Breast Cancer

Screenshot for FDG PET CT of a 59-year-old female with newly diagnosed triple-negative, intermediate grade, invasive mammary/ductal carcinoma of right breast. PET CT images confirm right breast primary cancer of 1.4 cm with a moderate metabolic activity, but no evidence for local or distal metastasis. Imaging of the left breast is unremarkable. The imaging findings shall greatly help this patient’s treatment planning.

Globally, breast cancer is one of the most common cancers among women. In 2020, it accounted for about 2.3 million new cases and was the leading cause of cancer-related deaths among women1. The incidence of breast cancer varies across regions, with higher rates in developed countries compared to developing countries1 

In the United States, breast cancer is the most common cancer among women, excluding skin cancers. It is estimated that in 2021, there will be approximately 281,550 new cases of invasive breast cancer and 49,290 new cases of non-invasive breast cancer in the United States2. 


  • In Stage 1 and 2 Breast Cancer.  For stage 1 and 2 breast cancer, the routine use of PET/CT is not recommended according to the NCCN guidelines. Conventional imaging modalities such as mammography, ultrasound, and magnetic resonance imaging (MRI) are typically sufficient for initial staging8. 
  • Stage 3 Breast Cancer: For stage 3 breast cancer, which includes locally advanced breast cancer, the NCCN recommends using PET/CT as a tool for initial staging. PET/CT can provide valuable information about the extent of disease involvement, including the assessment of regional lymph nodes and potential distant metastases8. 
  • Stage 4 Breast Cancer: For stage 4 breast cancer, which indicates metastatic breast cancer, PET/CT is recommended to aid in the detection and evaluation of distant metastases. PET/CT can help identify the extent and location of metastatic disease, which can have implications for treatment planning and prognosis8. 

FDG-PET/CT is considered useful for the initial staging of breast cancer, regardless of the tumor’s molecular phenotype (such as triple-negative, luminal, or HER2+), as well as the tumor grade4. It is particularly beneficial for staging invasive ductal carcinoma; however, it can also provide valuable staging information for invasive lobular carcinomas4.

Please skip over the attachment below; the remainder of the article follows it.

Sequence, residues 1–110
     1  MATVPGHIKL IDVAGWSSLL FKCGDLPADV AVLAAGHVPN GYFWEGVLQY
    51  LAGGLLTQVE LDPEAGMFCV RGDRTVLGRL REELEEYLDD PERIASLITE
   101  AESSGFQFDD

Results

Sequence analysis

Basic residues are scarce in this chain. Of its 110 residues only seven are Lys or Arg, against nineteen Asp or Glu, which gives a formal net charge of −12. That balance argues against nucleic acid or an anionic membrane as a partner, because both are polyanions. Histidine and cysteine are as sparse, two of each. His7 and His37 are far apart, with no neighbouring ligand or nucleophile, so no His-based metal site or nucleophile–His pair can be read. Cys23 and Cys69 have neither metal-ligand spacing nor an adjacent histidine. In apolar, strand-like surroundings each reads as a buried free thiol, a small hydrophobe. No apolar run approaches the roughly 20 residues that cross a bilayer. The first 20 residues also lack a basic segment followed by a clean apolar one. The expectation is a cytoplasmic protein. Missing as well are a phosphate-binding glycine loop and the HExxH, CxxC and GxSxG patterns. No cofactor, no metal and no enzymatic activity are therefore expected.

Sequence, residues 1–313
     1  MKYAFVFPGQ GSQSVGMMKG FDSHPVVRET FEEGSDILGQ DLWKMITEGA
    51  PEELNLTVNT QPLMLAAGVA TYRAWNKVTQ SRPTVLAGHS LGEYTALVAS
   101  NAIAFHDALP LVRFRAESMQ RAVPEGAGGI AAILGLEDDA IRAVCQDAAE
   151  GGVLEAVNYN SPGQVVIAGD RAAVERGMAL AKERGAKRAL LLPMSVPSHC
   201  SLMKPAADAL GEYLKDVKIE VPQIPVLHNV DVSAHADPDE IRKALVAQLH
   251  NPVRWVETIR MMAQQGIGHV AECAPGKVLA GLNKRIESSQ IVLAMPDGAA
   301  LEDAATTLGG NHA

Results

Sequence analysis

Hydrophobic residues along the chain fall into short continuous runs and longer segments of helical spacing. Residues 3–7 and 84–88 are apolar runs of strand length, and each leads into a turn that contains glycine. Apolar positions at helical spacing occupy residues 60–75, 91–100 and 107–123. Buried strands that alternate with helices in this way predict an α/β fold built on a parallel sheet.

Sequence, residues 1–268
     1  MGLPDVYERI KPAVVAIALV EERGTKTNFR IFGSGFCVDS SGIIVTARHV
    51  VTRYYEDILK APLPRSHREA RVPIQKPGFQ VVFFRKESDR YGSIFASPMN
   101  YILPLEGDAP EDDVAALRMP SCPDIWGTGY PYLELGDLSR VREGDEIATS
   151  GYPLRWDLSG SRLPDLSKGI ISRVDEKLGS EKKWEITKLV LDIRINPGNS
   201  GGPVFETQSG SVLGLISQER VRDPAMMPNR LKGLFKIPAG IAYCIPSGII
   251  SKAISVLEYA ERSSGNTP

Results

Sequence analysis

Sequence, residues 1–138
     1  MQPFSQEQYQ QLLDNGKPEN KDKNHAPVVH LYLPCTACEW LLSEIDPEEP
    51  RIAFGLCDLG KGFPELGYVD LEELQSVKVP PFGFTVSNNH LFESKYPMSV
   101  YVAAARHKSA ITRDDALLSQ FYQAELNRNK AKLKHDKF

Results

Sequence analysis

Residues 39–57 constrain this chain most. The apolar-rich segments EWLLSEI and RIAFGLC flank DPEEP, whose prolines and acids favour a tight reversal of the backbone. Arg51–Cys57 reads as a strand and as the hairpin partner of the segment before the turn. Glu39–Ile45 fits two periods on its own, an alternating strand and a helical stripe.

The sensitivity and specificity of PET/CT in breast cancer vary depending on various factors such as tumor subtype and stage. For detecting axillary lymph node metastases in newly diagnosed breast cancer, PET/CT has shown high sensitivity (approximately 80-90%)4. The specificity of PET/CT in breast cancer is reported to be approximately 80-90%, but it may be lower in certain scenarios, such as detecting small breast cancers4. 

Compared to other modalities, PET/CT provides additional functional information about glucose metabolism in tumors, which can be advantageous in detecting small metastases or hidden primary tumors. Additionally, PET/CT has demonstrated higher sensitivity than bone scintigraphy and CT for the detection of bone metastases in advanced breast cancer6. 

It’s important to note that individual patient factors, tumor characteristics, and clinical judgment may also influence the decision to use PET/CT in breast cancer staging. It is recommended to consult with a healthcare professional or specialist to determine the most appropriate staging.  


  1. World Health Organization. Breast Cancer: Key facts:  
  2. American Cancer Society. Breast Cancer Facts & Figures 2021-2022.  
  3. The value of 18F-FDG PET/CT imaging in breast cancer staging.  
  4. Breast cancer: initial workup and staging with FDG PET/CT  
  5. 18F-FDG PET/CT Imaging In Oncology: 
  6. A Prospective Study Comparing the Role of 18 FDG PET-CT with Contrast-Enhanced Computed Tomography and Tc99m Bone Scan for Staging Locally Advanced Breast Cancer: 
  7. NCCN Guidelines Version 4.2021. Breast Cancer: